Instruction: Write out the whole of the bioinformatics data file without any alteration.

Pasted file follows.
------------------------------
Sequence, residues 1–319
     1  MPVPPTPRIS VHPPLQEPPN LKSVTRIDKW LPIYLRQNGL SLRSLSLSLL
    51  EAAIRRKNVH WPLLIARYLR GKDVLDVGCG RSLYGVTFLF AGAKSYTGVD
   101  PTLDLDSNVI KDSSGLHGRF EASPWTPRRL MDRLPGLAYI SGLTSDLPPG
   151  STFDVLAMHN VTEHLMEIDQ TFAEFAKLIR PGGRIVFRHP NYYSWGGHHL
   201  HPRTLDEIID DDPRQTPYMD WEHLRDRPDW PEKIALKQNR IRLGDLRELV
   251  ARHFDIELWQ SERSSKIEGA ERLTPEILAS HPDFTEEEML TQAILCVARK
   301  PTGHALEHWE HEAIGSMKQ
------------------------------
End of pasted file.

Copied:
Sequence, residues 1–319
     1  MPVPPTPRIS VHPPLQEPPN LKSVTRIDKW LPIYLRQNGL SLRSLSLSLL
    51  EAAIRRKNVH WPLLIARYLR GKDVLDVGCG RSLYGVTFLF AGAKSYTGVD
   101  PTLDLDSNVI KDSSGLHGRF EASPWTPRRL MDRLPGLAYI SGLTSDLPPG
   151  STFDVLAMHN VTEHLMEIDQ TFAEFAKLIR PGGRIVFRHP NYYSWGGHHL
   201  HPRTLDEIID DDPRQTPYMD WEHLRDRPDW PEKIALKQNR IRLGDLRELV
   251  ARHFDIELWQ SERSSKIEGA ERLTPEILAS HPDFTEEEML TQAILCVARK
   301  PTGHALEHWE HEAIGSMKQ